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Credit cards are great tools to help you build a positive credit history. There are various types of credit cards out there, and financial institutions from coast to coast — including credit unions and banks — offer them. That said, you may assume that having a bank account is a prerequisite to getting one. But the question is can you get a credit card without a bank account?
You can get a credit card without a bank account. Approval for a credit card is based on factors like creditworthiness and income. However, some banks make it easier for their current customers to qualify and get approved for credit cards. It’s not a requirement, but it’s a smoother process.
In this article, we’ll walk you through how to get a credit card without a bank account, the different types, how they work, and how to use them properly to establish and build your credit.
- 1 How To Get a Credit Card Without a Bank Account
- 2 Best Ways to Pay a Credit Card Without a Bank Account
- 3 Best Credit Cards That Don’t Require a Bank Account
- 4 Before You Apply for a Credit Card
- 5 How a Credit Card Works
- 6 How To Use Credit Cards Responsibly
- 7 How Can I Build Credit Without a Bank Account?
- 8 Final Thoughts
How To Get a Credit Card Without a Bank Account
Getting a credit card without a bank account can be somewhat intimidating, but there are some benefits of doing so. For instance, when you have a bank account tied to your credit card, banks have what’s called the “right to offset.” This essentially means that they reserve the right to take money from your bank account to cover your credit debt whenever you’re past due on the card.
Another obvious benefit is that you aren’t opening unnecessary accounts in your name just to obtain credit. By not having a bank account, you avoid excessive fees, regulations on direct deposit times, and added stress.
Additional benefits of getting a credit card without a bank account include:
- There is no need to make a minimum deposit into your account to get a credit card (you will still be required to make monthly minimum payments).
- No risk of overdraft and falling behind on debt.
- One less place for identity theft, as the only information you’re giving away is your social security number when applying.
- There are check cashing apps that don’t use Ingo that you can use instead of going to a bank.
- Finally, without having an active bank account, there’s no chance that they can take any more than their allowed percentage or amount from it every time the due date rolls around.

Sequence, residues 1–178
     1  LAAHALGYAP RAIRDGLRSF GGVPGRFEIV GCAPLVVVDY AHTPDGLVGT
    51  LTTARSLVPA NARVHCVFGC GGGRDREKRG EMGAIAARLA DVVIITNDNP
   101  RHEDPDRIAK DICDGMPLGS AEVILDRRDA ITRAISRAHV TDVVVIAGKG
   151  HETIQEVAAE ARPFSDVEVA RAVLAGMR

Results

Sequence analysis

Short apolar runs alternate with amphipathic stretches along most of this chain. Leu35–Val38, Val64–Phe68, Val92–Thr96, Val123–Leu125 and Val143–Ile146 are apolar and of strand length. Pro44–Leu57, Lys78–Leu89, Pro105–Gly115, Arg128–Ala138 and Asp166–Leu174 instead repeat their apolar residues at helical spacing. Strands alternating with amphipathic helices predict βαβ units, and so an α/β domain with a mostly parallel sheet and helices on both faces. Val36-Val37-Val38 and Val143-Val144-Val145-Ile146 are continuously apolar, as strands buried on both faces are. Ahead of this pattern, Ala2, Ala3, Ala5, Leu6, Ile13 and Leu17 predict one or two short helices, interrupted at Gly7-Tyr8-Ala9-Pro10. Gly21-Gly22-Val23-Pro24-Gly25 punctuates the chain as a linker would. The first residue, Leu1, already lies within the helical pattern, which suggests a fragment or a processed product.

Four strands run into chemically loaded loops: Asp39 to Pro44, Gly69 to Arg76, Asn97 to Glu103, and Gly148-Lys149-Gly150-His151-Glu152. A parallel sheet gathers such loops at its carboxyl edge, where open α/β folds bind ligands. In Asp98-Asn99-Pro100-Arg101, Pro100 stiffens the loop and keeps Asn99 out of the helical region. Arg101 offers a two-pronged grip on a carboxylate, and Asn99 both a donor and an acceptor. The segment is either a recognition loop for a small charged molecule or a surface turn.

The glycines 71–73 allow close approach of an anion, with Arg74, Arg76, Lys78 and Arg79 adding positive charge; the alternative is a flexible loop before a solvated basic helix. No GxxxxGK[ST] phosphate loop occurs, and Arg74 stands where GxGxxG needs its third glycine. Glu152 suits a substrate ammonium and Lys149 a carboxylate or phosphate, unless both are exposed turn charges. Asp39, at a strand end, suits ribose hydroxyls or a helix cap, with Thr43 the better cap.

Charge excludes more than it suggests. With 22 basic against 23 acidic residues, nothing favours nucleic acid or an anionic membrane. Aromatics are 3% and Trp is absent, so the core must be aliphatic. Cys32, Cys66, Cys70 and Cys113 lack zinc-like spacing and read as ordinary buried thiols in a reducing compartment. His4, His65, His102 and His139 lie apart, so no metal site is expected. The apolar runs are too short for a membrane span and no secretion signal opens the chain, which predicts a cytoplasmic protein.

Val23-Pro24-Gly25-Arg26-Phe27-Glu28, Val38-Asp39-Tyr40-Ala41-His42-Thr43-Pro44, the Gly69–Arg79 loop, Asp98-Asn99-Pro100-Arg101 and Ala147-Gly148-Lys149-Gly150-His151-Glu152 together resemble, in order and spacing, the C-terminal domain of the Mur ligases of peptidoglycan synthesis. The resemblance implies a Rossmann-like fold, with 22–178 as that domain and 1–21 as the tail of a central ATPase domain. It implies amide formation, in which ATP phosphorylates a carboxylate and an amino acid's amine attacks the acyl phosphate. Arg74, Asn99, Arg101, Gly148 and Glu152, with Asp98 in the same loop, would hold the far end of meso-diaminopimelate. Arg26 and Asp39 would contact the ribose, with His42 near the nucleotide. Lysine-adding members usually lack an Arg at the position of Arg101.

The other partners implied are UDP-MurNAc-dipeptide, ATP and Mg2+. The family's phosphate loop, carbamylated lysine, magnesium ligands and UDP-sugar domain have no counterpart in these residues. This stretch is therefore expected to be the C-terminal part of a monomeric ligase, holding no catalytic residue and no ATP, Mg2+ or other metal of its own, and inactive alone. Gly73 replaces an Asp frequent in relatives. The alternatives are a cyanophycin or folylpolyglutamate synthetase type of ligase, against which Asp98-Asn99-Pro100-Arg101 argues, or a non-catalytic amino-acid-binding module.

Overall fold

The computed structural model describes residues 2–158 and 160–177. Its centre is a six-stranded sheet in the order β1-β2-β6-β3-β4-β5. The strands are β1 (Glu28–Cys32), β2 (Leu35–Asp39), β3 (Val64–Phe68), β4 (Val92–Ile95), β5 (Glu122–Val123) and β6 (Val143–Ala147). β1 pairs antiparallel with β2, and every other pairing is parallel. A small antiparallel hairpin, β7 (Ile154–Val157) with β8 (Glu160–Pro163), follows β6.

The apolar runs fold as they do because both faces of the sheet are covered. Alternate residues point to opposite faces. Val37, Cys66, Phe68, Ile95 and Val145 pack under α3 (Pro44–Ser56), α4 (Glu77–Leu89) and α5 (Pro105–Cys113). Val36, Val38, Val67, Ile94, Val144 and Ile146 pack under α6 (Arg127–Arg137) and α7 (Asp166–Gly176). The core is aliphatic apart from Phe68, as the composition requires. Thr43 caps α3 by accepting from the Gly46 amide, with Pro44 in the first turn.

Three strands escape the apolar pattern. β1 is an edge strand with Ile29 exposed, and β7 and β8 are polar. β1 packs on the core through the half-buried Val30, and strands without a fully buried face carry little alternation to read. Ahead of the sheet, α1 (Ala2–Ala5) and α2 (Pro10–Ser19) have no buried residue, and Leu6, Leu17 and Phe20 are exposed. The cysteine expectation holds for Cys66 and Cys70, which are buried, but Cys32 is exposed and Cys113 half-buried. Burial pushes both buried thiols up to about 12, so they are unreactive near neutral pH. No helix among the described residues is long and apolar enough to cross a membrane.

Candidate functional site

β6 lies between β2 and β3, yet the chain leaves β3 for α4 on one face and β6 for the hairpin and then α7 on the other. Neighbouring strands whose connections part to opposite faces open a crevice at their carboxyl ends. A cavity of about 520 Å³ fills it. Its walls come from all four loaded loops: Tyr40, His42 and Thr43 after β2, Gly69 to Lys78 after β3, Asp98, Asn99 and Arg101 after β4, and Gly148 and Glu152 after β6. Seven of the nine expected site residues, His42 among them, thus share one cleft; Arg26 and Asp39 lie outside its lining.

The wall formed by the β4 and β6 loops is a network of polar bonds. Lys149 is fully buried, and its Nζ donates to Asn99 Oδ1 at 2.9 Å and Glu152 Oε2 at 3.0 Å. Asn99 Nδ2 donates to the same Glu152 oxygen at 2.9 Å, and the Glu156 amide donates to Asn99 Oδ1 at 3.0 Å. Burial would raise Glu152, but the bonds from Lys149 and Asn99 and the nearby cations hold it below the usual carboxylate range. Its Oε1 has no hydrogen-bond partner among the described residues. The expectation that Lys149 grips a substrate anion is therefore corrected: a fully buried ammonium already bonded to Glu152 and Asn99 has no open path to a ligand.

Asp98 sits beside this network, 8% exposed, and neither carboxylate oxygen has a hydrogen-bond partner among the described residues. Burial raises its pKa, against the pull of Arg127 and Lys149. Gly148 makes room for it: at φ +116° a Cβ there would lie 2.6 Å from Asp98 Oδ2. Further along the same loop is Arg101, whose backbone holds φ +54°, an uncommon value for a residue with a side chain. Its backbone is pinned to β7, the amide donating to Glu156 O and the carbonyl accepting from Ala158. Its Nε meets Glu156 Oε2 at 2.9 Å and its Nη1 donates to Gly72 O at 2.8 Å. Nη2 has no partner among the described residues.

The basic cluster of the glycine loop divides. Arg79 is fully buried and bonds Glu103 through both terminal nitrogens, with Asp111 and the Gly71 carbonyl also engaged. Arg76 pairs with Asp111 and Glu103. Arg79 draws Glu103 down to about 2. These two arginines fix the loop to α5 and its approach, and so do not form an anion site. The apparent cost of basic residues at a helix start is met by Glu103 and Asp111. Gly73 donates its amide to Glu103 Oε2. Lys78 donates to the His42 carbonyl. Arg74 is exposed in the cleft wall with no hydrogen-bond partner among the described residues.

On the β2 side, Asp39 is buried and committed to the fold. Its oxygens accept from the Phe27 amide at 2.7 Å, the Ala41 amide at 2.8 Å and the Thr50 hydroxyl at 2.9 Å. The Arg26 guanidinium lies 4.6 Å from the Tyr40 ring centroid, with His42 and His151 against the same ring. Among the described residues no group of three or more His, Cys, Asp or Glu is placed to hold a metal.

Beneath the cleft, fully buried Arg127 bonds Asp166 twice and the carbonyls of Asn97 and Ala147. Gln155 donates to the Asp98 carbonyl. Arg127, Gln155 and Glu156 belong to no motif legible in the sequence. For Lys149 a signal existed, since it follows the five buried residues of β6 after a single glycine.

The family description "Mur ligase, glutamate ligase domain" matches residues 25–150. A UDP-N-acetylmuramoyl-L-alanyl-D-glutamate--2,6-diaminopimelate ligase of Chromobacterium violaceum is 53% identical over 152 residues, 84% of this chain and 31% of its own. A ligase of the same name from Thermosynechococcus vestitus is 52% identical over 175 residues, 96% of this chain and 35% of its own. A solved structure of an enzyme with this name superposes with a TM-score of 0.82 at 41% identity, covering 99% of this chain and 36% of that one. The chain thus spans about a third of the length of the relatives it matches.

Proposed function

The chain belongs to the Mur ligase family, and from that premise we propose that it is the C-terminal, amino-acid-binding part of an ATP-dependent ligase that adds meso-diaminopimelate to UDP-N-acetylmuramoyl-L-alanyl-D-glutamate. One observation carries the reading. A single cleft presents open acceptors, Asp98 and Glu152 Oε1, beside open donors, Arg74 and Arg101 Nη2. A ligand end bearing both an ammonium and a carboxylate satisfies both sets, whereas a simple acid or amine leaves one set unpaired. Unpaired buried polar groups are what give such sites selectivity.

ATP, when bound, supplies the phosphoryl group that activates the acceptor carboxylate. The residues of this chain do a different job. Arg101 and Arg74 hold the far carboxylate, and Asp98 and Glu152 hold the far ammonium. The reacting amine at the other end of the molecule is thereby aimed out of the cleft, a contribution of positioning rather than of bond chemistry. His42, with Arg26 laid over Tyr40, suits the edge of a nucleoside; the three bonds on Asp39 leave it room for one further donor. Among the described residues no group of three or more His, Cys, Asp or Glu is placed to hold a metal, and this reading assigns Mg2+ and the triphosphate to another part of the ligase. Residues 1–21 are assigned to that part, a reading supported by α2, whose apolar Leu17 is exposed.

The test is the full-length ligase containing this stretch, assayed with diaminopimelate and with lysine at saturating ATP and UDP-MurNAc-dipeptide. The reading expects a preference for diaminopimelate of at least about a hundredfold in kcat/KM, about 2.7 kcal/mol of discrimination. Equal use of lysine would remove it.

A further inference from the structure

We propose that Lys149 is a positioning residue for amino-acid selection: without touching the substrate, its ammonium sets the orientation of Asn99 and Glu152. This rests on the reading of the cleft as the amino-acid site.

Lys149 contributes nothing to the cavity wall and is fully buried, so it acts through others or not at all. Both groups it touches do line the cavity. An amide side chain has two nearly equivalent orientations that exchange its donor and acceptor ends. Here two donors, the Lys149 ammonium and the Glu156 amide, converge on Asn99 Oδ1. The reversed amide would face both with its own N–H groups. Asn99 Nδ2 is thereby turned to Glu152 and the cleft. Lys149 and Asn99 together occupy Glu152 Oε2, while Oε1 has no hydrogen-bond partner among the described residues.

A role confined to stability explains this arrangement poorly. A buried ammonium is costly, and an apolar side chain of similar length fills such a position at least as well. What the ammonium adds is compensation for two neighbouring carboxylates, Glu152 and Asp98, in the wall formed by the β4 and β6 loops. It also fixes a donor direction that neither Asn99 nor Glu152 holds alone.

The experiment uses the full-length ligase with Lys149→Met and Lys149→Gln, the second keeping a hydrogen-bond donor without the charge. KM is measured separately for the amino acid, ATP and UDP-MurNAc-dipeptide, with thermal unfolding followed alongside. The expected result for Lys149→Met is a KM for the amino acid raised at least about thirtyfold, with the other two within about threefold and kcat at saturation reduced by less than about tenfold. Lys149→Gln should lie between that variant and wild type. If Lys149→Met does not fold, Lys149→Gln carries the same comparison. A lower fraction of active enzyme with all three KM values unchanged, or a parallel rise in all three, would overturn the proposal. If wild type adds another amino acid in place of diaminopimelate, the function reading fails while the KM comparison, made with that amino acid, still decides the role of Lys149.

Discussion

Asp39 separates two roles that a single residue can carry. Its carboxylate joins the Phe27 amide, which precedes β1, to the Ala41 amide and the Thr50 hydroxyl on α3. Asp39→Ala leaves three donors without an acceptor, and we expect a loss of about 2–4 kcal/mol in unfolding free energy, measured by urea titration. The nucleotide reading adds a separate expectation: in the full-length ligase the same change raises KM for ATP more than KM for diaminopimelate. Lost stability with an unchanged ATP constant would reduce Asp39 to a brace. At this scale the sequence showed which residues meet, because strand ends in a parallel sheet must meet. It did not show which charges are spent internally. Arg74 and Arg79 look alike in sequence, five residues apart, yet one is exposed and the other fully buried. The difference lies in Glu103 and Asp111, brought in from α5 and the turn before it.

Here’s how to get a credit card without a bank account:
Research Banks Offering These Cards
First, you need to find a bank that doesn’t require an account for approval. There are a lot of places that offer instant online check cashing besides a bank so bank accounts are not necessary. Finding banks without an account requirement for credit card approval is not difficult. This step is as simple as looking on their website or giving them a call. However, don’t become discouraged if you notice they ask about a bank account on their application.
This is a standard prequalification question and doesn’t guarantee that the card company or financial institution will reject your application. We’ve found that more prominent banking institutions like Wells Fargo, Chase Bank, and American Express tend to have less stringent rules regarding banking requirements.
When researching banks that offer credit cards without a bank account, you’ll also want to look for the following criteria in your research:
- The bank doesn’t charge an annual fee.
- There is no minimum income requirement (although there may be a maximum income requirement).
- You can avoid paying any fees by signing up for paperless statements and opting for overdraft protection.
Learn About Payment Options
Second, you need to research their payment options since you won’t pay your bill through your bank account. See what is visa provisioning service to determine if that is an option.
Some things to consider when not paying your credit card account through your bank account:
- Are there fees for using a payment center?
- What are the options in your area, and do they require you to pay just by cash or is there another option like debit cards.
- Can you pay with a starter check?
- Do they allow you to pay in cash?
- Can you pay at a payment center like at Wal-Mart or the bank ATMs?
If you’re looking for a secured card, what are the options for making the down payment? Then, you’ll need to consider whether or not these options will work for you.
Compare the Top Cards
When you don’t provide bank information when applying for a credit card, some companies may take it as a sign that you can’t pay back the loan. This can leave you stuck with high-interest rates, minimal benefits, and a lower credit limit.
To avoid this, you should compare the cards before applying, taking advantage of pre-approvals that don’t affect your credit score. Getting a credit card without contacting credit bureaus can be advantageous as your credit history won’t be available.
Though credit cards are great for building your credit score and credit history, they can quickly become a burden if you don’t research before moving forward.
Things to look for before choosing a credit card:
What do you get out of using this card? Credit cards come with tons of benefits; you’ll want to choose one that has the most value for you.
Some common benefits are:
- Air travel miles
- Rental car insurance
Interest rates are how credit card companies make money. The higher the interest rate, the more money they make each month if you don’t pay your balance fully. So, you want to choose a card with the lowest interest rate possible. Also, be aware of low introductory interest rates that go up after the first year.